The run through to the halfway point was pretty standard. I took plenty of photos, whizzed through another rest stop at 37km.

Made it to the marathon distance, one of my key points in the run, in a better state than I had run a marathon in the past. The slower pace was definitely working.

The 5km into halfway point was a lovely long steady downhill, so was feeling ok when I arrived at halfway point, Princes Risborough, having run 50km in 7hrs. Another finishing point for some, cue cheesy bloke on the mike. I was only interested in food. I was feeling pretty good, yes the legs were aching, but overall things were looking fine.

I had pretty much decided on a 30min rest here. So loaded up a plate with pretty much everything: chips, pasta, couscous, peas, carrots, kidney beans, salad, as well as a side of bananas. I had also initially planned that I would have a change of kit here, but everything felt ok so just decided on a plaster on a hot spot on my little toe (slightly weird – never had anything like it before) and kept everything else as it was.

The rest points are a great opportunity to chat with the fellow participants, we’re all in this together of course. So whilst stuffing food down my throat we were chatting about ‘that’ hill and ‘that’ mud and ‘that’ part. You meet some fascinating people at these events that you’d be happy to chat to for hours. But half an hour goes very quickly when you are relaxing, and enjoying a rest. It was time to get going again.

Another feature of the route is that when you come out of a rest stop, the first thing you are dealt with is a massive hill that you have to virtually crawl up.

Around the 60km mark we passed a village cricket match that was going on. Having seen lots of fields and hills, the image of other people looking like they were enjoying themselves, except maybe the fella I saw caught out on the boundary by a fabulous diving catch, I must have been distracted. I missed a right turn, and it took a shout from a wonderful fellow runner behind me to inform me I was going the wrong way. My hero. I instantly promised him that I would give him my medal on completion*.

About a km out from the 76km rest stop, and the three quarter point, the clouds began to gather. There was heavy rain on the way.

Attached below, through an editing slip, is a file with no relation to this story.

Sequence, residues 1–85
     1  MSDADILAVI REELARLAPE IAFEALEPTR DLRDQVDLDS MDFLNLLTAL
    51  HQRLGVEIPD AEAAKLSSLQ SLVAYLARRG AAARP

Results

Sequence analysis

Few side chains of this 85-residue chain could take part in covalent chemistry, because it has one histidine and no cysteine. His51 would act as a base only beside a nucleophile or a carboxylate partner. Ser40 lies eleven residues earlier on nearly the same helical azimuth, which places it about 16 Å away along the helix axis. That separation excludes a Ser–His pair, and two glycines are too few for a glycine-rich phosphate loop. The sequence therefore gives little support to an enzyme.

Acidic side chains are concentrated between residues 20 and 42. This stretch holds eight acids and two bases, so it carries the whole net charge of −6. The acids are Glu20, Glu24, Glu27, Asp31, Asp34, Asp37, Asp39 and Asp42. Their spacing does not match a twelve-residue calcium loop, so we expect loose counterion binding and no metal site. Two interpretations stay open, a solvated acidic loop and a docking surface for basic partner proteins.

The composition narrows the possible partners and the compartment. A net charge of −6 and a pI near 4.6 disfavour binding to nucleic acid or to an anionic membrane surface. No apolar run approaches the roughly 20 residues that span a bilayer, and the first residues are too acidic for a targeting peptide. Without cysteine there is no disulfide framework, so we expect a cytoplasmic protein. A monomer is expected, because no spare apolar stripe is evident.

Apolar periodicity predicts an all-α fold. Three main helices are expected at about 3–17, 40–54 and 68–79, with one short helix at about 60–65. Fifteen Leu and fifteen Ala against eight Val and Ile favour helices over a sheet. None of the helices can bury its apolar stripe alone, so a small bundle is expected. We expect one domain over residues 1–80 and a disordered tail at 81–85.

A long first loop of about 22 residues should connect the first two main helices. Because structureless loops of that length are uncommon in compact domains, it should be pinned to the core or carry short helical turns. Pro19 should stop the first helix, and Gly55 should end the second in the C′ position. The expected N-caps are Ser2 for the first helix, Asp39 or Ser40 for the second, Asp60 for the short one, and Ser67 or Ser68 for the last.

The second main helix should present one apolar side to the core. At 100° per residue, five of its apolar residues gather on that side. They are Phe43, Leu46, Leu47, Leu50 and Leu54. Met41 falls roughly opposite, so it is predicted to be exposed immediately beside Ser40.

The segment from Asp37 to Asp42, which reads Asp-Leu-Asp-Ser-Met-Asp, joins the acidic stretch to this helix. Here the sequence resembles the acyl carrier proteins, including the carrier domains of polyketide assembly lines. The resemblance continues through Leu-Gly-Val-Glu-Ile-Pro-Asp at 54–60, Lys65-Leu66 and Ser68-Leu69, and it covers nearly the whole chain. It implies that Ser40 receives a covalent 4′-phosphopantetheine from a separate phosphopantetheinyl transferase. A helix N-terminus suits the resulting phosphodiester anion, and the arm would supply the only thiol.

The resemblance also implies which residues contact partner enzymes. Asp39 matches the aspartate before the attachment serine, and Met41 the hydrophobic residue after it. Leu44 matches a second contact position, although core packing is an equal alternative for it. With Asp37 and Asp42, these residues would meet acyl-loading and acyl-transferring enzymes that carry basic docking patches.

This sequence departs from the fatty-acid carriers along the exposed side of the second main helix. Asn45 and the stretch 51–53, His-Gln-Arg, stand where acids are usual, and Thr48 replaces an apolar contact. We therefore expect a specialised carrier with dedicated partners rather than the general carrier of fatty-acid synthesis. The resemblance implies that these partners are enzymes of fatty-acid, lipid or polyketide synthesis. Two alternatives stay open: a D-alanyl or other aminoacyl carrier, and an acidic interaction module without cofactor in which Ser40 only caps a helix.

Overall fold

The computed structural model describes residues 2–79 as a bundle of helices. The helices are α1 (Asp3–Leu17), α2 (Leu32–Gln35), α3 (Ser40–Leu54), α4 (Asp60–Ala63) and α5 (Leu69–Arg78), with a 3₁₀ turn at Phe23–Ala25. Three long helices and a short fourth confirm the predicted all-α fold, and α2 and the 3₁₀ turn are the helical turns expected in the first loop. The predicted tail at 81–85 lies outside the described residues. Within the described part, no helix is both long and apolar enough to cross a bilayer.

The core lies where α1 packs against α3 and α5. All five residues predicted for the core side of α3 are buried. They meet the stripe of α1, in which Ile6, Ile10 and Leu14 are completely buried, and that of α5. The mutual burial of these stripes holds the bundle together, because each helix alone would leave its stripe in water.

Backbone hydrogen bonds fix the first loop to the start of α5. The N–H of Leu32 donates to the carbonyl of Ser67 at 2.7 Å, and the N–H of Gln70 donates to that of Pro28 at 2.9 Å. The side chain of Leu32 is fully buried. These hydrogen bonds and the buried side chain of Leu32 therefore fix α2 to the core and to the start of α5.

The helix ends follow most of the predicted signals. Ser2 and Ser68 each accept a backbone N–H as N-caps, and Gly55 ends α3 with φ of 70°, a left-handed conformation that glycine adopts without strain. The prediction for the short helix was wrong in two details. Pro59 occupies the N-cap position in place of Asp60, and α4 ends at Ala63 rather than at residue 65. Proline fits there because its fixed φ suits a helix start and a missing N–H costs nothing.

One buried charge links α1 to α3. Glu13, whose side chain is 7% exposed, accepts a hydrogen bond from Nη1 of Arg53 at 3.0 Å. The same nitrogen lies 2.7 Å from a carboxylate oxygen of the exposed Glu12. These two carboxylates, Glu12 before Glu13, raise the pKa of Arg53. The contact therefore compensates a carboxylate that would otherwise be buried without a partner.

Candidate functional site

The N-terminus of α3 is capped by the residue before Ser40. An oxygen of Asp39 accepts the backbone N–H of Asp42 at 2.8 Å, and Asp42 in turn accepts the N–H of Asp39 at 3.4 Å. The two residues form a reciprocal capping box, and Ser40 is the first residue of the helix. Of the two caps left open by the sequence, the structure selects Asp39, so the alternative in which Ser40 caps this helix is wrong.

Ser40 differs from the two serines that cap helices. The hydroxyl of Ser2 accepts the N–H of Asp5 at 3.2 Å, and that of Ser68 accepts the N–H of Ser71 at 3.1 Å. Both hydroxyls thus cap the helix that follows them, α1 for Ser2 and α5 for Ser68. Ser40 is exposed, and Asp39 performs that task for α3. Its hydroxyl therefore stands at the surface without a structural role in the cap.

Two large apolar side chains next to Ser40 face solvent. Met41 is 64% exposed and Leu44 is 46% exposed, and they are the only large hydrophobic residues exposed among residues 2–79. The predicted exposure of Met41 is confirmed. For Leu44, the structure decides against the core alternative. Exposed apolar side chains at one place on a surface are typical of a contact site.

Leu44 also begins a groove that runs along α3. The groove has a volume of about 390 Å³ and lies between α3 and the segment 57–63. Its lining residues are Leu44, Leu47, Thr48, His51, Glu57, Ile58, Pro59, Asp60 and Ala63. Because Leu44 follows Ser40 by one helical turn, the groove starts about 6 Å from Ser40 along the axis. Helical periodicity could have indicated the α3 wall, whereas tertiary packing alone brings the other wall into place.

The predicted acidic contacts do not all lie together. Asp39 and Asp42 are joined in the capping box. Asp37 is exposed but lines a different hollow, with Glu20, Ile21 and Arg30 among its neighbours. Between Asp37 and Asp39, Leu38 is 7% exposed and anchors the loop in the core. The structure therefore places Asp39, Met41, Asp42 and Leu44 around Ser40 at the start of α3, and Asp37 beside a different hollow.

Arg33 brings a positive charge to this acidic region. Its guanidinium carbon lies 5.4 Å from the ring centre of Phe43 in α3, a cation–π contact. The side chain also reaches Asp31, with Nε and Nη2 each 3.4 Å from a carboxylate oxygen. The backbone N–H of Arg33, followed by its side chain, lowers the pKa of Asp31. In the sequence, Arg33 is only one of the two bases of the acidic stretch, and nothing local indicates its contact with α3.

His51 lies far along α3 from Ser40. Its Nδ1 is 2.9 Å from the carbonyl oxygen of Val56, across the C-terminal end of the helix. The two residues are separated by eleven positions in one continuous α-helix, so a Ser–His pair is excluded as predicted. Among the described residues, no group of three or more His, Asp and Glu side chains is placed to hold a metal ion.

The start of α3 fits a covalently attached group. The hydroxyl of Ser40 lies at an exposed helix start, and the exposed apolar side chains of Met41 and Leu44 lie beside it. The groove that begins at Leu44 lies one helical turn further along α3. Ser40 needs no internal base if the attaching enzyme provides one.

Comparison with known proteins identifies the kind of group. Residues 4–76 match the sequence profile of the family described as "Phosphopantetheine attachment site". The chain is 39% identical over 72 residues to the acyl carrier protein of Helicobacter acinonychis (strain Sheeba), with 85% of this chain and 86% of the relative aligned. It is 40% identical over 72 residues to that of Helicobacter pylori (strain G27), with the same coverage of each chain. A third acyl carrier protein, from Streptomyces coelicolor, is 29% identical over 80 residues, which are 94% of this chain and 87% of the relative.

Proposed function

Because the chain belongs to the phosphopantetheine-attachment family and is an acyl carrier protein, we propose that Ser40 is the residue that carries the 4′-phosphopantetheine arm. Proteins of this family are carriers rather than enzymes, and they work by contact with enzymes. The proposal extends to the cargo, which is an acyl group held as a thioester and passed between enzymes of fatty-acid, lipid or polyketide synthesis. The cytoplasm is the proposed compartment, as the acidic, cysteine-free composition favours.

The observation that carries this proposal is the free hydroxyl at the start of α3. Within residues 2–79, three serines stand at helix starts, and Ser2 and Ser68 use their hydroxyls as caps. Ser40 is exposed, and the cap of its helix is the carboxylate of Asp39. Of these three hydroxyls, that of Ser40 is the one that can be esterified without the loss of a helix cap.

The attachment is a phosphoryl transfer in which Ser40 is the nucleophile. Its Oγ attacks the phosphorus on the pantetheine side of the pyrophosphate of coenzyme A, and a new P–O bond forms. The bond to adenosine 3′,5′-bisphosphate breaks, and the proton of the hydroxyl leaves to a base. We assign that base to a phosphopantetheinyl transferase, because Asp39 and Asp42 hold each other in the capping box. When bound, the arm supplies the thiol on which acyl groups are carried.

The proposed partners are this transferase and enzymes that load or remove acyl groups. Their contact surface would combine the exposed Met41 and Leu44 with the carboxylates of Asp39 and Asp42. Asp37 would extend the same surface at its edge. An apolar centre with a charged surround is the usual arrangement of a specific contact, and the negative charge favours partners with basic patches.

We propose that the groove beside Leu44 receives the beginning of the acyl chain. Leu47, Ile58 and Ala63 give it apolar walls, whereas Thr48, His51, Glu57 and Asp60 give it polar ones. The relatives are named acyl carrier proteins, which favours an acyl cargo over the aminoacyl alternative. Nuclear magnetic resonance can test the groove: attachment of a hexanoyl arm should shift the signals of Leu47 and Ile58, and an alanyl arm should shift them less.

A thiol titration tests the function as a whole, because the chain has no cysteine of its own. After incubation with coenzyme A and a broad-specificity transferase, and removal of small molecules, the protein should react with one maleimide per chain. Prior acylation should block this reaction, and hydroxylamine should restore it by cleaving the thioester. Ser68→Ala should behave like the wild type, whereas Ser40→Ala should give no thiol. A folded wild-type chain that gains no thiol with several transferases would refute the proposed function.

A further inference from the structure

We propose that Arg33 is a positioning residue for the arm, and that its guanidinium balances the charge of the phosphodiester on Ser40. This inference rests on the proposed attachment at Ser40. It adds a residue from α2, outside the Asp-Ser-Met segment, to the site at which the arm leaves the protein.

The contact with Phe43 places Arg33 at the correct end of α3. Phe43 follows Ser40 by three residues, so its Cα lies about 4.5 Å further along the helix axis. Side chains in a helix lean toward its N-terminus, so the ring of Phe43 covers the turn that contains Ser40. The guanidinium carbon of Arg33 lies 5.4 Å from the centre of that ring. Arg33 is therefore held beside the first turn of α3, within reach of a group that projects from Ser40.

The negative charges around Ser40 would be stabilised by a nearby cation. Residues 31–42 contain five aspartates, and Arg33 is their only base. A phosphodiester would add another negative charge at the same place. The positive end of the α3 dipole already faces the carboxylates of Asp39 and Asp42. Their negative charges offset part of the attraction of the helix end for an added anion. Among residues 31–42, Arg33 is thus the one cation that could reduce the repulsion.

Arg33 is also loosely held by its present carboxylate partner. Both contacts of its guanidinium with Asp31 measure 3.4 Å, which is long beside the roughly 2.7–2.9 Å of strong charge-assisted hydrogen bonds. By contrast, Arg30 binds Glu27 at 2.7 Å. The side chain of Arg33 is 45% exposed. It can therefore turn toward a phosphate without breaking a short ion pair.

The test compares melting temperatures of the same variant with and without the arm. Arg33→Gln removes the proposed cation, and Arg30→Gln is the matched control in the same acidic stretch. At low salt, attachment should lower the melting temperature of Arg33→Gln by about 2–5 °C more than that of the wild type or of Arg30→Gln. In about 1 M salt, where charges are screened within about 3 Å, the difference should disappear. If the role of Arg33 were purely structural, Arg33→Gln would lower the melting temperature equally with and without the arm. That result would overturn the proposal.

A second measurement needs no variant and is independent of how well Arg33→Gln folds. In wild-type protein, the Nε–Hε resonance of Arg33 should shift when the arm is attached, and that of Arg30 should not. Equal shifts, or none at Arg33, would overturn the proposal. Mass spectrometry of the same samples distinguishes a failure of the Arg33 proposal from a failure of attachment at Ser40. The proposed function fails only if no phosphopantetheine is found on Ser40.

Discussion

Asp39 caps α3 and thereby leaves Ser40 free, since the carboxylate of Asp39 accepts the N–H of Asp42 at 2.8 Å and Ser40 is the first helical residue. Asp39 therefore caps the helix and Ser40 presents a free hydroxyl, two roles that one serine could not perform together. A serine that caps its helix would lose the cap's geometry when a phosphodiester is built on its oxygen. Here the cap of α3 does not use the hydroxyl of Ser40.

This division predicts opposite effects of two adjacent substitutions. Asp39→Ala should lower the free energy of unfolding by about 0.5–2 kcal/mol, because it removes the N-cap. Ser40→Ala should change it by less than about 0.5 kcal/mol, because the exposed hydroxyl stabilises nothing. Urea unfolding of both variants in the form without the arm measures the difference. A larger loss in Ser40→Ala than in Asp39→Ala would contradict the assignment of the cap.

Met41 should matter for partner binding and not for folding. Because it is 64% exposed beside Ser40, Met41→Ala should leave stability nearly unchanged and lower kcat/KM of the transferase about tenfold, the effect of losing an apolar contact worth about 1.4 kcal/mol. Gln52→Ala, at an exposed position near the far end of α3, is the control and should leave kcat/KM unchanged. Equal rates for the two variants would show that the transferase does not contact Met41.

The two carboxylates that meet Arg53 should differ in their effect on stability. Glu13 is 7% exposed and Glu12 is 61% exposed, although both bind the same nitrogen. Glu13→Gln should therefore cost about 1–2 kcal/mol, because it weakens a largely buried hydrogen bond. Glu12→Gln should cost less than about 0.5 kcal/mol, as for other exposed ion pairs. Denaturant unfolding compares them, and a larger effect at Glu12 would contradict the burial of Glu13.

So I upped my pace, when I say upped up pace, I mean from slow to slightly less slow, to avoid the rain and get to the rest stop. You’ll also notice from this point on the pictures stop. Two reasons. One, it was starting to get dark, and two, it was becoming an effort to actually lift the phone and press the button.

The last 25km were tough. Before starting the event the idea of getting to the three quarter point seemed like an important point, get 75km in and you can finish. But getting to that point, things seemed different, 25km was still such a long way to go. However, a change of shirt was enough to banish the thoughts. Small things and all that. So it was just head down and keep going, get to the next check point.

89km. The last rest stop. Although I couldn’t face the thought of actually resting, or stopping. This final rest stop is again, full of food and snacks, but it felt like the last thing I wanted to do was eat. So I forced some pineapple down and began the last leg that will take me back to Henley. My strategy of running the flats and downs had by now become running a bit of the downs. I was knackered.

This last 10km was also technically the hardest. As well as coping with the tiredness and the darkness, now it was through scary night-time woods, slippery muddy paths, strange shadows and noises, steep ups and downs, quicksand**, 100ft cliff climbs***, traversing crevasses****, you get the idea.

There was just one last photo before the end.

One parkrun to go. Which took me close on 50mins to complete. The final 1km through woods and across a field with the finish in sight, was very tough. But I did it.

100km. 15hrs 58mins including stops. And 39th bloke back. I’ll take that. Lovely jubbly.

* I didn’t

** slight exaggeration

*** exaggeration

**** again, exaggeration